The Force of Fantasy: Restoring the American Dream

The Force of Fantasy: Restoring the American Dream

The Force of Fantasy: Restoring the American Dream

The Force of Fantasy: Restoring the American Dream


This study is the culmination of a decade of work that began with the controversial article, "Fantasy and Rhetorical Vision," which was recently honored by the Speech Communication Association with the Charles H. Woolbert Research Award in recognition of "scholarship of exceptional originality and influence."

With the publication of this long-anticipated book, Bormann offers new insights into the development of American thought and the related social processes of intellectual history and small group communication as well as rhetorical criticism. To accomplish this he studies religious and reform speaking in the United States from the time of the Puritans to the Civil War.

Not attempting to survey all of the varied practices of preaching and reform speaking, he isolates, describes, and criticizes one rhetorical tradition, starting with the Puritan sermon and moving through the emergence of revivalism to the rise of the antislavery reform efforts and culminating in the speeches of Abraham Lincoln. He thereby presents for the first time an integrated and structured account of one rhetorical tradition in this country. Of perhaps equal interest to rhetorical critics are Bormann's research procedures as he presents the first book-length study to utilize fantasy theme analysis.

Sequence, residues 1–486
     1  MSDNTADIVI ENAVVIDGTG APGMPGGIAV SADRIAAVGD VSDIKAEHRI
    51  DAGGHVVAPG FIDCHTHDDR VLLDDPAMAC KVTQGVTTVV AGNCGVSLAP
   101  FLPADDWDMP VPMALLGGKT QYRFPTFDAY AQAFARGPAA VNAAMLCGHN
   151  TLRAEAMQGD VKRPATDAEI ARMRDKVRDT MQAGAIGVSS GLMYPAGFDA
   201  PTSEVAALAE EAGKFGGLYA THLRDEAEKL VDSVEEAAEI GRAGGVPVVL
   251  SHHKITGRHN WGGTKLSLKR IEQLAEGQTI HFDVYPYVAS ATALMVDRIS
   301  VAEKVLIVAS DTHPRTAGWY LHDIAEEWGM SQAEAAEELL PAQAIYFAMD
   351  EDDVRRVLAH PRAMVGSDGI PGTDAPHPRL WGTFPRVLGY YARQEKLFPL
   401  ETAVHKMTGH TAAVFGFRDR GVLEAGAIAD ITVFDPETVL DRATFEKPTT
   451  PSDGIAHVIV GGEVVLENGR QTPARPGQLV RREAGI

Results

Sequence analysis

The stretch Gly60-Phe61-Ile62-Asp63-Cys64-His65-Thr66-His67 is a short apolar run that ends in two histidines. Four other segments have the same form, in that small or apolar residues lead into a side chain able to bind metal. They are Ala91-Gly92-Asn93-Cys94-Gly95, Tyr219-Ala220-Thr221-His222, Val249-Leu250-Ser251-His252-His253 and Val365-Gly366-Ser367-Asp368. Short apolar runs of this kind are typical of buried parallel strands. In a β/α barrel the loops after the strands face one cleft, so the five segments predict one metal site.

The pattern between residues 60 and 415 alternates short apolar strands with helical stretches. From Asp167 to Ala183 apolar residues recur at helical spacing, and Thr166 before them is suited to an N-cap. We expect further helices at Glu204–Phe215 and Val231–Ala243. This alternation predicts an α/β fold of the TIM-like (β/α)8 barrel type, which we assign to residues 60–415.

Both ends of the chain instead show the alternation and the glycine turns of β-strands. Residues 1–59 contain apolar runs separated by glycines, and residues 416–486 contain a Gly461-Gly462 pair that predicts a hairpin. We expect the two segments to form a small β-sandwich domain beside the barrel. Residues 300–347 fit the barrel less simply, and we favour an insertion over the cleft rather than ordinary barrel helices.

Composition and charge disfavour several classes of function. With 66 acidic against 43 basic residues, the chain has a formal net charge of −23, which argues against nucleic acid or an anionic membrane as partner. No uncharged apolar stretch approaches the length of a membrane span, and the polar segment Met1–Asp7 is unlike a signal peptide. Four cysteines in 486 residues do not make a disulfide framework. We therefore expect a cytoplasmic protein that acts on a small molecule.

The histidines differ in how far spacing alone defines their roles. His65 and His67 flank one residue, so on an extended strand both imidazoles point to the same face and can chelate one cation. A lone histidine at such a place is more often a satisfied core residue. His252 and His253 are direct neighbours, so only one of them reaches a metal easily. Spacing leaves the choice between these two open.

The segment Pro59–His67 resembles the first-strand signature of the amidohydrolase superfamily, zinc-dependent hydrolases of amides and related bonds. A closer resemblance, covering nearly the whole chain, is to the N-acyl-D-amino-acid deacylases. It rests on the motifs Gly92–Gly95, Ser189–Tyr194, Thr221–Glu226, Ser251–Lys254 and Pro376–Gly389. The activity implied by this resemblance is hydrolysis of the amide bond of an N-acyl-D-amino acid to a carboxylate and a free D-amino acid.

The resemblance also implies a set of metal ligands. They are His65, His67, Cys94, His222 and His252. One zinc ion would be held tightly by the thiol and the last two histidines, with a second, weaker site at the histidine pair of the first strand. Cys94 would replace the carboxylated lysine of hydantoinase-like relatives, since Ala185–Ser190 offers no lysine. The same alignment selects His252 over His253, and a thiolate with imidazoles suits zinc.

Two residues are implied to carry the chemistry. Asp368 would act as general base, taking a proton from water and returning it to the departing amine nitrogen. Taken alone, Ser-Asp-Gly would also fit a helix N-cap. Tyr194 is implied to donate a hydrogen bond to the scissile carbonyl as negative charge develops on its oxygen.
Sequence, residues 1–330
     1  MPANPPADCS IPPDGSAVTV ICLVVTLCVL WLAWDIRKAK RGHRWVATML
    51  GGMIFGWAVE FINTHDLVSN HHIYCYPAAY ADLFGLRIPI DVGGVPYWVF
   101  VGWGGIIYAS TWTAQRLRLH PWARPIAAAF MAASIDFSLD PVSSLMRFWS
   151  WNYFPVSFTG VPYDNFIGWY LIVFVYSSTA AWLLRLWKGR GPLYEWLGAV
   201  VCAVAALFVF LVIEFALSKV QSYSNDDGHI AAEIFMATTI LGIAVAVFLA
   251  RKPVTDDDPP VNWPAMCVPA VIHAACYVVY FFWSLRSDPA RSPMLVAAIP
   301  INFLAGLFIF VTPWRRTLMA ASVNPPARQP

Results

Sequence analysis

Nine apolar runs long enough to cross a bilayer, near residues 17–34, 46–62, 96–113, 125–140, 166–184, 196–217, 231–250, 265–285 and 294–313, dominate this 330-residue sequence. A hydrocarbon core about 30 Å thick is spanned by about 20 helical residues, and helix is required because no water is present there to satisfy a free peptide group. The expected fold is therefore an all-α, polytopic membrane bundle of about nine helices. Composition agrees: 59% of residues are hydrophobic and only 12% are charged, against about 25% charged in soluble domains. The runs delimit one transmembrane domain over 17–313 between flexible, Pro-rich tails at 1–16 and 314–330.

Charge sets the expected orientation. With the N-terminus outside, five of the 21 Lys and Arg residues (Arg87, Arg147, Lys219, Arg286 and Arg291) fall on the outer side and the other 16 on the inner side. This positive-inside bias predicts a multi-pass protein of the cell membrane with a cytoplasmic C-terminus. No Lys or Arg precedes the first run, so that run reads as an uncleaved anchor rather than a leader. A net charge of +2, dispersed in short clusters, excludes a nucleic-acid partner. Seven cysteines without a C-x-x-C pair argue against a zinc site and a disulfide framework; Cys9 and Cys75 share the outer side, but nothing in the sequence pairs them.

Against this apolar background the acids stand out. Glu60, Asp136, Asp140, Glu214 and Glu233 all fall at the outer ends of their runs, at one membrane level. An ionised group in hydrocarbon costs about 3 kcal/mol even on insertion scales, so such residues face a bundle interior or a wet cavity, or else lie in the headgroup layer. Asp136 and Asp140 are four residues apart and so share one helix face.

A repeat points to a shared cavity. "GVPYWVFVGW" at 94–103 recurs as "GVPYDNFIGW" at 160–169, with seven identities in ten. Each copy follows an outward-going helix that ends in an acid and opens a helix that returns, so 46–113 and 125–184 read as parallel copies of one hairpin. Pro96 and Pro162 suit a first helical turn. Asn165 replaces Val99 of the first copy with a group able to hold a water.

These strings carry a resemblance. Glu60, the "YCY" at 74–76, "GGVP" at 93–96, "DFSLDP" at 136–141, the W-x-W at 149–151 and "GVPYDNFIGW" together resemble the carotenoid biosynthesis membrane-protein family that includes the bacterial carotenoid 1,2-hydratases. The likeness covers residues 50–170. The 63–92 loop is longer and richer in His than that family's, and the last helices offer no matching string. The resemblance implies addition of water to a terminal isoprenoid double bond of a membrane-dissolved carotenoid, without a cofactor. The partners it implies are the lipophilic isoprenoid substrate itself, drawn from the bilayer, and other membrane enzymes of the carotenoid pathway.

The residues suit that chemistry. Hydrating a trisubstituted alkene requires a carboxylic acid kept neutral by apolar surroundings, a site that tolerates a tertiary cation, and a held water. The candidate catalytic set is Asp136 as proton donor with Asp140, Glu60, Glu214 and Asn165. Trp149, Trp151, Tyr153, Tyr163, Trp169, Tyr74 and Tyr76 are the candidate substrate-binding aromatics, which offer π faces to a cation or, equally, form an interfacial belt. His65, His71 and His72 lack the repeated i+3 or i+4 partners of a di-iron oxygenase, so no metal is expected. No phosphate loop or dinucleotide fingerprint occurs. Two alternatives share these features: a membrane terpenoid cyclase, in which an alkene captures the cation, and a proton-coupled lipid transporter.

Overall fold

The Force of Fantasy: Restoring the American Dream began as a part of a project at the University of Minnesota to establish a Center for the Study of Religion in American Society. A number of scholars from such disciplines as history, philosophy, English, and speech-communication planned to bring an interdisciplinary approach to the scholarly study of the impact of religion upon a number of aspects of the culture of the United States. We took as our theme "From the Sacred to the Secular," and I began to fashion the materials in my lectures in a course in the history and criticism of American public address to relate to that theme. Subsequently the promise of funding for the Center fell through but my project had by that time taken on a life of its own.

I found myself mulling over a vast and disparate body of materials from scholars in intellectual, social, and religious history, in sociology of religion, and in the critical analysis of speeches and mass communication that covered a large span of years and a very diverse set of communication practices. Since there were no previous studies which surveyed the history of mass communication in America, the diversity of materials and the volume of studies which alluded to or made tangential comments about what was my central concern made the task of finding some unifying explanatory structure most difficult.

Comments in various studies by historians, philosophers, and rhetorical critics hinted at a connection between religious and secular speaking, so I began to search for connecting links. I found the most direct link in the move from religious to reform speaking in the decade of the 1830s. Finally, I was able to document an unfolding rhetorical tradition from the time of the Puritan preachers to the present which exhibited characteristics similar to . . .

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